Christmas Pets May Not Be a Perfect Present

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The cute little meows of kittens and the adorable sad eyes of puppies could be enough to convenience people to buy them, but is it enough to keep the love going?

"It's not just Christmas morning or New Year's Day. It's long term," Ashley Wesp said. "It's five years from now and vet bills, puppy house-breaking and all of that stuff."

Wesp is the executive director of the Brazos Animal Shelter and says around Christmas, people envision that moment when the puppy or kitten comes out the box. The problem is pets are given without considering the personality of the pet or the person receiving the animal. And that is one reason why the shelter offers gift certificates instead of gift adoptions.

Wesp said, "You don't always know exactly what they want, so it's always really best to let them pick it out. That way they can make that bond and make that commitment, and we don't get the animals back."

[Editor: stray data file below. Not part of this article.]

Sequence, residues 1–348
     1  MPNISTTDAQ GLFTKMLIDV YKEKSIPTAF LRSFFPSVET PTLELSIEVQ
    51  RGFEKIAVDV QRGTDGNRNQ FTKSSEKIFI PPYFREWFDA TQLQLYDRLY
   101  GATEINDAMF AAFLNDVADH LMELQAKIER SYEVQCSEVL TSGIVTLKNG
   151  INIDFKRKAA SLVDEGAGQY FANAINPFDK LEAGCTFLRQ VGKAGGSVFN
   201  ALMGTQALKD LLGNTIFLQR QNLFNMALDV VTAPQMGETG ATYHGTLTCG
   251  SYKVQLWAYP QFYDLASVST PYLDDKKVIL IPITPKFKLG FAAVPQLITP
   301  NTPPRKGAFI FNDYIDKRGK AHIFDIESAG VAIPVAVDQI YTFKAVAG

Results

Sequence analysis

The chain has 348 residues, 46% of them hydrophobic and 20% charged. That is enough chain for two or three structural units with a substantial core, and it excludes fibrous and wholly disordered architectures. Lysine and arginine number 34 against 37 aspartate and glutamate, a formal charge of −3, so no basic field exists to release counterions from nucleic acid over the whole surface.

Having the person who will be responsible for the pet making the selection could help curb impulse buying and buyer's remorse. Wesp says while the shelter is working on an application, time is the best alternative for the potential pet owner to sit back and evaluate their decision and commitment to have a pet. She won't argue that pets can give a lot of love, but says just like any other addition to your family, there is a cost that has to be paid.

"There is going to be all this enjoyment and love and all that, but at the same time they're work and they're expensive and they have to be committed to that," Wesp said.

While the holidays provide a peak time to find cats and puppies homes, the animal shelter wants to make sure the homes are permanent.

Wesp said, "Any adoption is a good one, but we try and counsel and make sure people get the best adoption possible for their family."